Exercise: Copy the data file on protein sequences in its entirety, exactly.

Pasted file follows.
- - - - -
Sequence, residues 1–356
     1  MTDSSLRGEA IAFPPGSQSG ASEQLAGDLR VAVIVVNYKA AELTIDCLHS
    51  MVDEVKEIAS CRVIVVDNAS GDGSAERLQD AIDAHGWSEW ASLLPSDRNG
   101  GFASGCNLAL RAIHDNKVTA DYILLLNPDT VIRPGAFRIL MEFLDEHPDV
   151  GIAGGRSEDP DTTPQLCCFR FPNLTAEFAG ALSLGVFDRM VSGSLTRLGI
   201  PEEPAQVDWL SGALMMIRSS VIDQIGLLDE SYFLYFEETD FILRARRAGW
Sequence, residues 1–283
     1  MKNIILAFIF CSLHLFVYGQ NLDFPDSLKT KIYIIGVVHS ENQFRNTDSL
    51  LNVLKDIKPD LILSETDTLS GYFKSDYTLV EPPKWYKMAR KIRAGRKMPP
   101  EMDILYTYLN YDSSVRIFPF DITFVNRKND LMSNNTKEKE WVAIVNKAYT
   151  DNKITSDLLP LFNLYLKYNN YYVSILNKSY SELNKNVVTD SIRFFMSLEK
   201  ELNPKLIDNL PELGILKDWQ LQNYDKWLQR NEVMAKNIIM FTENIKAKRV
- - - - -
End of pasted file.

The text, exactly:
Sequence, residues 1–356
     1  MTDSSLRGEA IAFPPGSQSG ASEQLAGDLR VAVIVVNYKA AELTIDCLHS
    51  MVDEVKEIAS CRVIVVDNAS GDGSAERLQD AIDAHGWSEW ASLLPSDRNG
   101  GFASGCNLAL RAIHDNKVTA DYILLLNPDT VIRPGAFRIL MEFLDEHPDV
   151  GIAGGRSEDP DTTPQLCCFR FPNLTAEFAG ALSLGVFDRM VSGSLTRLGI
   201  PEEPAQVDWL SGALMMIRSS VIDQIGLLDE SYFLYFEETD FILRARRAGW
Sequence, residues 1–283
     1  MKNIILAFIF CSLHLFVYGQ NLDFPDSLKT KIYIIGVVHS ENQFRNTDSL
    51  LNVLKDIKPD LILSETDTLS GYFKSDYTLV EPPKWYKMAR KIRAGRKMPP
   101  EMDILYTYLN YDSSVRIFPF DITFVNRKND LMSNNTKEKE WVAIVNKAYT
   151  DNKITSDLLP LFNLYLKYNN YYVSILNKSY SELNKNVVTD SIRFFMSLEK
   201  ELNPKLIDNL PELGILKDWQ LQNYDKWLQR NEVMAKNIIM FTENIKAKRV